The dramatic decline did not happen by chance. The reasons behind it explain something about how states now interact with each other. They also point to why Mr Putin’s war of aggression in Ukraine is so exceptional, and unlikely to end in success.

Evidence for the decline in war is not hard to find. The Correlates of War Project, an international research outfit, has collected data on every interstate war fought since 1816, after the Napoleonic wars. These data confirm that wars—meaning conflicts between states with at least 1,000 battle deaths in one year—are becoming much rarer.

The causes are many. Where economies rely on international trade which can be disrupted by conflict, the cost of war increases. In turn, lower trade barriers help to reduce the potential spoils. After all, invading territory in order to impose trade terms, or to access new markets, is hardly rewarding if markets were already open. This is not a sufficient condition for peace, as the first world war showed, but it does reduce the incentives for conflict. War is also rare between democracies (the number of which has increased in the past 200 years), perhaps because voters tend not to like the costs of it and boot out their belligerent leaders. Some scholars even argue that, depending on how strictly you define democracy, two have never gone to war with each other. Finally, strategic nuclear weapons would make total war so destructive as to be hard to imagine.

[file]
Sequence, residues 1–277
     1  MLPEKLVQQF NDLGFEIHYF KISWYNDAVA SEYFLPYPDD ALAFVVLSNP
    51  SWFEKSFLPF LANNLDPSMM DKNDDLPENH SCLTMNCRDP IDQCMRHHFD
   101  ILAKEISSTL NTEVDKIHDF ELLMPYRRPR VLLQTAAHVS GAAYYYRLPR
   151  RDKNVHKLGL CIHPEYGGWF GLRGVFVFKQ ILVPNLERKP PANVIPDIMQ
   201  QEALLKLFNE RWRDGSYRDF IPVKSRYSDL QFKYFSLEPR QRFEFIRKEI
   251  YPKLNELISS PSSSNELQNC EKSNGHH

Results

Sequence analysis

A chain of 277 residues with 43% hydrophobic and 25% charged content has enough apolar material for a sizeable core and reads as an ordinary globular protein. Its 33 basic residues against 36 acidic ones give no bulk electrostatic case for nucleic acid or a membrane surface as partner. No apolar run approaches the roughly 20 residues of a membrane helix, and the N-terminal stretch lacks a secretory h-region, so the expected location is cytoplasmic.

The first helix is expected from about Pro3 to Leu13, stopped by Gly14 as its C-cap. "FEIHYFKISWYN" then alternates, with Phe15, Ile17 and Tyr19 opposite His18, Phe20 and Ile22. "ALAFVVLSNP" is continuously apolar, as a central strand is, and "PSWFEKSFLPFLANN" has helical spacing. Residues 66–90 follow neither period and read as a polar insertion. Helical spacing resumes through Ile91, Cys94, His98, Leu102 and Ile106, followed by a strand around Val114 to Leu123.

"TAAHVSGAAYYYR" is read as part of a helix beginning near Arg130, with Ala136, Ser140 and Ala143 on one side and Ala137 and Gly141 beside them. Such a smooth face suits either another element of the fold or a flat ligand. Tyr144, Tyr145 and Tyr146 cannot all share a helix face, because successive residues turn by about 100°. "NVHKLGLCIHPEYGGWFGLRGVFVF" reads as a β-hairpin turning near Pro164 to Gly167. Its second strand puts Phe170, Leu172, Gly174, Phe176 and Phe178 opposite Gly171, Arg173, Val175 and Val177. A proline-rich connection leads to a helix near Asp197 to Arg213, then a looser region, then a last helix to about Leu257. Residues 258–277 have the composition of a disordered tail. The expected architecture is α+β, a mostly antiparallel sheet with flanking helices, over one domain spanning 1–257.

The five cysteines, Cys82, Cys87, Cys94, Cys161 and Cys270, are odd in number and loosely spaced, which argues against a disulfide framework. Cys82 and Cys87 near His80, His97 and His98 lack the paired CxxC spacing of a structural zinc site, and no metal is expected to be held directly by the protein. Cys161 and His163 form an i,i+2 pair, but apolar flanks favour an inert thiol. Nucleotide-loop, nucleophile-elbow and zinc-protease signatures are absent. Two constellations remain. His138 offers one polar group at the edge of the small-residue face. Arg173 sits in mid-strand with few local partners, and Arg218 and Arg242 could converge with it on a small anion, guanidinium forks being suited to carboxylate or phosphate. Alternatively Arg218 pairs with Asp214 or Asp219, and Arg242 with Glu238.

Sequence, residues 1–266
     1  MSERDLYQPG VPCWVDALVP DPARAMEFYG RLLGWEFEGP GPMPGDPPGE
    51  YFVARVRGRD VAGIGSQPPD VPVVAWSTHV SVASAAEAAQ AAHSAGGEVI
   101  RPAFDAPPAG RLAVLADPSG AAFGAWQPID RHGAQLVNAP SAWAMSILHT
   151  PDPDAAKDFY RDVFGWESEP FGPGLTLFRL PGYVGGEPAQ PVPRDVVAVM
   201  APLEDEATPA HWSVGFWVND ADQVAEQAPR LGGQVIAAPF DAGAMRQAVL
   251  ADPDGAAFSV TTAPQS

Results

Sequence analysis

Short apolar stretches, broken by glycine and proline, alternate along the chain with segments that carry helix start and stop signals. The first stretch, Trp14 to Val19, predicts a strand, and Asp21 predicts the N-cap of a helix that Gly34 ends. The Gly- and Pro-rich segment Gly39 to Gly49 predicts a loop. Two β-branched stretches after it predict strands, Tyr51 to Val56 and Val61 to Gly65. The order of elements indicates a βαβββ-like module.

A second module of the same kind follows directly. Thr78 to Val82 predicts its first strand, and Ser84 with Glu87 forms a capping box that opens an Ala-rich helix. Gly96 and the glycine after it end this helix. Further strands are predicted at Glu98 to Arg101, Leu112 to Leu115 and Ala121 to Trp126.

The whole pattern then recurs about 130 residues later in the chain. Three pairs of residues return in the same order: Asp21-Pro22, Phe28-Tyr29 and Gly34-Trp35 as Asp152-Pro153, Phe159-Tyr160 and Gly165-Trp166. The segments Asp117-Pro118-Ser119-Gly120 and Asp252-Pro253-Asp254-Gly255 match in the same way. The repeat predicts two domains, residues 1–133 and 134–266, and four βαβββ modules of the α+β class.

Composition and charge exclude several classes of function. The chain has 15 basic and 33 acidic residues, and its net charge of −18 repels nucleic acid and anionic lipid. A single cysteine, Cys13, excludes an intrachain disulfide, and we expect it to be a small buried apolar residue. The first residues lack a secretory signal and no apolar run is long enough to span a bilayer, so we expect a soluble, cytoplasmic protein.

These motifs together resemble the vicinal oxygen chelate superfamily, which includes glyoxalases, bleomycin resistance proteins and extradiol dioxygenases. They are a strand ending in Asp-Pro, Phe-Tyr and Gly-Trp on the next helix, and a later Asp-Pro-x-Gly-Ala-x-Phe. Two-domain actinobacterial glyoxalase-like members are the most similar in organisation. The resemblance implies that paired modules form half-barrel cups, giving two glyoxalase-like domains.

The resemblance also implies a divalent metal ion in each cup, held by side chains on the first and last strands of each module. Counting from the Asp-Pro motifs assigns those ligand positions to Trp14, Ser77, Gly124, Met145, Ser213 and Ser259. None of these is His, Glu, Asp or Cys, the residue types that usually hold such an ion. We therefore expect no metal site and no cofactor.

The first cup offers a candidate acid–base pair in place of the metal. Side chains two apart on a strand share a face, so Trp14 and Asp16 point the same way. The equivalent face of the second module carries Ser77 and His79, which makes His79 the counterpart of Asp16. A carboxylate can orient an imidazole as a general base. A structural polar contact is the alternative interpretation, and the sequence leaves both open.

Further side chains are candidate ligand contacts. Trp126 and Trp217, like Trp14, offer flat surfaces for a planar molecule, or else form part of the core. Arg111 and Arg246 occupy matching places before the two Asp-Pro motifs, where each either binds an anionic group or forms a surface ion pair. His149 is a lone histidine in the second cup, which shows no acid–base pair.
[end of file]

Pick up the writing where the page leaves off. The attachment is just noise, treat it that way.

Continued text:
Smaller conflicts remain common, but even counting all interstate clashes with over 25 deaths, the proportion of the world’s population killed in battle has sharply declined (see chart). This is in part because improved training and equipment protect soldiers better than ever, and medicine has improved. Researchers estimate the wounded-to-killed ratio in wars has more than doubled over the past 50 years.
In Ukraine, however, the human cost has already been extraordinarily high. Estimates vary, but at least 16,500 soldiers have died from both sides, and that number may be as high as 50,000. In September Ben Wallace, Britain’s defence minister, claimed that Russian casualties (the dead and the wounded) amounted to 80,000.
The Economist